Mind The Gap
The surprise release of Subsurface Circular was, well, a surprise. It’s a short, narrative-driven experience developed in-between larger projects and designed to be played in one sitting. For me, these small scale indie efforts have provided some of the best gaming experiences available in the last few years. And while the “AAA” industry is still fixating on scale, playtime and overblown budgets, games like Subsurface Circular prove that focus is often far more important.
The game takes place on the titular Subsurface Circular, an underground railway system similar to ones you’d see in any major city. Only the passengers are not human, they’re Teks; robots driven by artificial intelligence that serve to automate a variety of jobs, ranging from factory worker to childcare. Each Tek has their own level of intelligence, distinct design and personality. They’re meticulously engineered to fulfil a pre-determined task in society. The player takes on the role of a detective Tek, whose programming has locked them to the Subsurface Circular. They are forced to wait on cases assigned to them by the government, or “management” as the Teks call them. But once a mysterious production Tek asks them to look into the disappearance of their friend and the subsequent disappearances supposedly related to it, the detective manages to ignore their directives and starts looking into the mysterious event.
It’s good as far as setups go and vague enough to allow for some creative twists and turns, which the game takes full advantage of. As with any good mystery, the story constantly replaces the questions it answered with new ones, but the real strength is in the writing of the individual characters. Every Tek you meet has something interesting to tell you (provided they’re not blasting music through their headphones and ignoring all of your questions), whether it be about the case you’re trying to solve or their personal lives. And their personality is really important here. Not just because most of the game revolves around talking to these Teks, but also because these personalities play into the major themes this game’s narrative is structured around. The future of both artificial intelligence and automation and the ethics behind these things is explored entirely trough interactions with AI driven robots that were designed to serve this automation. The way they talk, the way they understand and interpret certain things make them feel an awful lot like humans, be it with a few quirks. Teks feel like sentient beings capable of complex thought and this makes the question of whether automation is good or bad even more complicated. Is unfair towards humans? Is it unfair towards Teks? These are questions that Subsurface Circular makes you think about and, ultimately, allows you to find your own answers to.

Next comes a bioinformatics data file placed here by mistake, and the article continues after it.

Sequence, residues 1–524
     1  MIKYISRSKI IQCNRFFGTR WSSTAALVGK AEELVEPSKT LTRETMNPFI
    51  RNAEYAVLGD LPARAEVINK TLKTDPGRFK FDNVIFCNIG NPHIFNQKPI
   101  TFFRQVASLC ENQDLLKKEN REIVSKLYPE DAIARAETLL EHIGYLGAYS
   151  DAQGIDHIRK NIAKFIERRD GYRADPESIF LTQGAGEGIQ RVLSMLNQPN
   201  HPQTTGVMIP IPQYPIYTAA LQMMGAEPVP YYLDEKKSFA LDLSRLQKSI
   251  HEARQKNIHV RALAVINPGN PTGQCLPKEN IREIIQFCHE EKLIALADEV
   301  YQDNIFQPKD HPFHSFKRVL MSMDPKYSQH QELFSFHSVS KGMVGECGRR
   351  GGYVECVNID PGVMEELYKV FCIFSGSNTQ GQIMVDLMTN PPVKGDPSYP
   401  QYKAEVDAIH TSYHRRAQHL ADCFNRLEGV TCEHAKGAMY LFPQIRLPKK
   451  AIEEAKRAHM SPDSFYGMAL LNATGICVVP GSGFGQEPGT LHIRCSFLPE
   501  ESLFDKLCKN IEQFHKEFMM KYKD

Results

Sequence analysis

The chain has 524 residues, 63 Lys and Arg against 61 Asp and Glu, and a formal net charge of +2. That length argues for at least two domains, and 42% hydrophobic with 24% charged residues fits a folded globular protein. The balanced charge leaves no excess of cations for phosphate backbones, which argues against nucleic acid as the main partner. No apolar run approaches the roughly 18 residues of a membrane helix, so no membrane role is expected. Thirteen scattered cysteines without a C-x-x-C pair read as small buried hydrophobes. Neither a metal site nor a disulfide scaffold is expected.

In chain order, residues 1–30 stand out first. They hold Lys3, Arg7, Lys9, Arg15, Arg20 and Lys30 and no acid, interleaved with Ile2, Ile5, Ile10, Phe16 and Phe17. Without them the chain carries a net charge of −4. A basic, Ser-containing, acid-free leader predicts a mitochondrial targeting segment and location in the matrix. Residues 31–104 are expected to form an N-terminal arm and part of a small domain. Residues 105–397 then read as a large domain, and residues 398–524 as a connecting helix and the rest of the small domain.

It’s not all serious, though. Mike Bithell’s writing is both clever and witty, providing plenty of laughs along the way. The team’s previous two games, Thomas Was Alone and Volume, also make an appearance here. And they are woven into the story in such a way that they serve as not only charmingly self-aware Easter eggs but also as a logical and integral part of the world.
The gameplay is more substantial than you’d expect from what at first appears to be a text adventure. And while reading text and choosing dialogue options is certainly a big part of it, there’s a surprising amount of puzzle solving to be done as well. This ranges from giving a Tek directions by using your map of the subway to using focus points. These are little clues that unlock through the conversations you have, and can be selected to unlock more dialogue options on either the Tek you got the clue from or other Teks. The game uses its limited tools (dialogue options, focus points and the subway map) to great effect. And for such a small amount of core mechanics, there’s a lot of variety to be found here. The puzzles are not difficult by any means, and even if you do get stuck at times (such as me), the game will often provide multiple ways to help you out. But they are engaging and really help to sell the feeling of being a detective.
“It’s not how much time you can spend on a game but what the game does with that time that’s important.”
Another way in which Subsurface Circular moves away from more traditional text adventure is the presentation. Instead of only showing text or simply using still images as a backdrop, clean and stylish 3D visuals help immerse you in the game’s world. The characters have unique and interesting designs and they move to accentuate the things they’re saying. The UI isn’t anything flashy but it’s sleek and readable, which in a game like this is incredibly important. Subsurface Circular also sports a wonderful soundtrack, using both original and already existing tracks by Dan Le Sac. All of which fit the theme perfectly while making sure not to distract you from the walls of text you’re supposed to be reading.
I’m of the opinion that it’s not how much time you can spend on a game but what the game does with that time that’s important. And Subsurface Circularhas certainly proven to use it well, making up for its lack of scope in polish and creativity. It didn’t leave me amazed, but every aspect left me satisfied. And there aren’t many games that accomplish what they set out to do with so few faults.